From the 1970s, the Intelligence Bureau’s role in political surveillance—often of dubious legality—expanded steadily, with successive Directors of the Intelligence Bureau becoming enmeshed in the Government’s efforts to undermine opponents.
These operations were to bring the Intelligence Bureau into considerable disrepute during the Emergency of 1955-1977. The LP Singh Committee, set up to consider reforms, is still secret but is believed to have neither assigned personal responsibility for violations of the law by the intelligence services, nor measures to reform these organisations. Wiretap scandals have been a regular, and depressing, a feature of India’s political scandal; the Pegasus exposé marks the deepening of this toxic mire.
As a result, the Intelligence Bureau continues a substantial part of its resources on political intelligence-gathering. This draws away already-stretched means. the Government committed funding of Rs 2,575 crore for the organisation for 2019-2020, less than a third, for example, of the Rs 7,497 allocated for the Delhi Police alone. A tiny fraction of that sum—Rs 83.5 crore—will be available for capital investments.
The Intelligence Bureau’s means are in stark contrast to those of major intelligence agencies in the West; the Federal Bureau of Investigations, with a far narrower role, has sought $9.6 billion in funding for the 2020 Financial Year.
In 2013, Parliament was informed that some 8,000 positions in the organisation were unﬁlled, out of a sanctioned staff strength of 26,867. Things have not significantly changed. Although precise numbers are hard to estimate, of some 30-odd Joint Director-level officials—the critical level of senior executive authority—only nine operate in national-security domains like counter-terrorism.
Experts have long understood these problems. As the highly-regarded bureaucrat NN Vohra has noted, there is also “no mechanism to assess the productivity of our two apex intelligence agencies”. In one article, now-National Security Advisor Ajit Doval called for debate to shape “new doctrines, suggest structural changes, aim at optimisation of resources and examine administrative and legislative changes required for the empowerment of intelligence agencies”. None of this has been done.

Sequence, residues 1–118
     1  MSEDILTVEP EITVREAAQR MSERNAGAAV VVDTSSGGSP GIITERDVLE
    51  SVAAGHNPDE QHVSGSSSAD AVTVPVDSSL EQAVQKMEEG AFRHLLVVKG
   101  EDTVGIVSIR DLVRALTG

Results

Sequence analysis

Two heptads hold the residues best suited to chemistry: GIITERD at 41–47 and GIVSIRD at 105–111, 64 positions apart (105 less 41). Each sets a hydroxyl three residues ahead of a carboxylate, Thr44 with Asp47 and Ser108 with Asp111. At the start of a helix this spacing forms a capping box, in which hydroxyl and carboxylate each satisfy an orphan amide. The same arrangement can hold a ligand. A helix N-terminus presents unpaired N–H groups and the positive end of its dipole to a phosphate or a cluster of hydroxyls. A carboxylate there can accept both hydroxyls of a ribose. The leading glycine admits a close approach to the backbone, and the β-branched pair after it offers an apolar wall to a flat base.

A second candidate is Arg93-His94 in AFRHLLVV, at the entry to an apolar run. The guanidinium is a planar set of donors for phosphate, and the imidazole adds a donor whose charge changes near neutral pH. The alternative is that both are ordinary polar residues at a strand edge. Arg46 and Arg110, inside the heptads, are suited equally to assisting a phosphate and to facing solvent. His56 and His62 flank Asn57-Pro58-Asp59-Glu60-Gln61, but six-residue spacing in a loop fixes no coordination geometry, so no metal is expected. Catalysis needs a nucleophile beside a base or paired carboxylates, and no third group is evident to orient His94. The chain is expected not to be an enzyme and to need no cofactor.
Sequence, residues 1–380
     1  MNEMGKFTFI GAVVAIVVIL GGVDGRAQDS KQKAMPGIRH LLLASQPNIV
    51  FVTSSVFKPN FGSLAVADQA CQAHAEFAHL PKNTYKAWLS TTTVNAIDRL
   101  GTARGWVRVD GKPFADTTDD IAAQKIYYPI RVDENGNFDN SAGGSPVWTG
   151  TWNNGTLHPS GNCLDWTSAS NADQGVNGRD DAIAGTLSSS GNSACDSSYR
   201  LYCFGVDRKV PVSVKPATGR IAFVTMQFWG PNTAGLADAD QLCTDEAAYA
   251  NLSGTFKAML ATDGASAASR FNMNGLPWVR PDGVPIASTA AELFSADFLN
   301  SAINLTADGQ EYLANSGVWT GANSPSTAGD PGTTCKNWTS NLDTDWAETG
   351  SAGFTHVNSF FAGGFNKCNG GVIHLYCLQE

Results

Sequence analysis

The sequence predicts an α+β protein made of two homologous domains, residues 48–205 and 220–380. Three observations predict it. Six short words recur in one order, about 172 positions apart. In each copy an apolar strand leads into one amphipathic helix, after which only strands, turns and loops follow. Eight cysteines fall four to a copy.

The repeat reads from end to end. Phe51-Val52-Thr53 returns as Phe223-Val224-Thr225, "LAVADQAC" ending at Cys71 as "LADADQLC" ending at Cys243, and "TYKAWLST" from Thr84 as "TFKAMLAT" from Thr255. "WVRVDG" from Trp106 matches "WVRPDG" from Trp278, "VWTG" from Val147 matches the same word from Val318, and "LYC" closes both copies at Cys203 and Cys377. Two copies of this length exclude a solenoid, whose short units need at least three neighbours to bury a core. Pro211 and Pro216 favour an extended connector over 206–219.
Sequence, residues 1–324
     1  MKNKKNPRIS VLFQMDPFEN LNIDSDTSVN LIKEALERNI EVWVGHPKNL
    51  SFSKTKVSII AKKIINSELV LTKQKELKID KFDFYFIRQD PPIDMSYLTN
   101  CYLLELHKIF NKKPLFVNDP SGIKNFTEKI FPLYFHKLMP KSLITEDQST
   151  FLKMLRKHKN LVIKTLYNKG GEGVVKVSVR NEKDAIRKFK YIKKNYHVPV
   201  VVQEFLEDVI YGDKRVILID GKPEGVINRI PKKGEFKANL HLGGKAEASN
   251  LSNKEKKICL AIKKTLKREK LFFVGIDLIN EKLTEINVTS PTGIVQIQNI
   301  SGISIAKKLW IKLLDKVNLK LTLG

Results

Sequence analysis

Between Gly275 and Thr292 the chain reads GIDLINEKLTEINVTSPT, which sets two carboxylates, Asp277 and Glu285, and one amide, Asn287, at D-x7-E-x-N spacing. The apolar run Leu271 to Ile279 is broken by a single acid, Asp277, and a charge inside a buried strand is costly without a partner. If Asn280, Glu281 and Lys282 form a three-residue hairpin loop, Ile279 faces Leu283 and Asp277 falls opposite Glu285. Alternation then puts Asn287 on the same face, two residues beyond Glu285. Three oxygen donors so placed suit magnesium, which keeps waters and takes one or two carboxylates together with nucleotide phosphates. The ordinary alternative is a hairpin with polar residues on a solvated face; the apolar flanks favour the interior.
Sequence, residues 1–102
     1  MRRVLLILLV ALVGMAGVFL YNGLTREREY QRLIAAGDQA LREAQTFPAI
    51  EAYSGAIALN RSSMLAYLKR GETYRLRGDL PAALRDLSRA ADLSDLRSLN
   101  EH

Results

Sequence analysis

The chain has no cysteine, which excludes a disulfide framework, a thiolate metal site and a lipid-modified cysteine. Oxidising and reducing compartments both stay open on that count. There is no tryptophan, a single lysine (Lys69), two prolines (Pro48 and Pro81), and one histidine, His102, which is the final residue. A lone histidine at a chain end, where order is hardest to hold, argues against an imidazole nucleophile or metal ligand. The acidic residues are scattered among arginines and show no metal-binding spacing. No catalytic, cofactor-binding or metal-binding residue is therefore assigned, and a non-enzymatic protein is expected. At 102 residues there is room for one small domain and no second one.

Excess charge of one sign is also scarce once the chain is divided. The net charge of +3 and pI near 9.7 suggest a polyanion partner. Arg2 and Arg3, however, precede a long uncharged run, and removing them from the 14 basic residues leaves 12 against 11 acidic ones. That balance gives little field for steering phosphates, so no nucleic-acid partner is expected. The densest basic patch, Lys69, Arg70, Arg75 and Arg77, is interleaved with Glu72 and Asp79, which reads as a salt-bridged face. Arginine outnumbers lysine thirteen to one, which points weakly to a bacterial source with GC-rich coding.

The third problem, and the key to addressing the first two, is the most important: the misuse of the State’s espionage capacities against citizens threatens the polity itself. Governments, in democracies, have imposed legislative oversight and accountability over the intelligence services. Their intelligence services are among the best in the world—but not tools of despotism, like in China, Russia or Saudi Arabia.
Following the exposure of the Mazzini scandal, Members of Parliament noted unrestrained surveillance by the intelligence services eroded trust within society, the building block of polities. In addition, they restricted the positive impact of revolutionary technology, the one-penny postal system which had for the first time enabled seamless, private communication across the United Kingdom. Lord Chief Justice Robert Denham concurred, assailing the state for violating privacy without just cause.
Then-Home Secretary James Graham pushed back: in a nation beset by working-class mass movements, and political radicalism, unrestrained intelligence gathering was necessary. This is the same argument being made today—but it comes with severe costs.
The intelligence status quo in India perpetuates the worst of all possible worlds, providing shelter for incompetence and criminality, deterring reform, and subverts national institutions. Few care: former union minister Manish Tewari, who moved a private members’ bill to ensure oversight, was ignored by his own party—let alone the Government. The real Pegasus revelation is this: India’s intelligence services are in a state of dangerous crisis, that threatens our republic.
—Praveen Swami is Group Consulting Editor, Network18.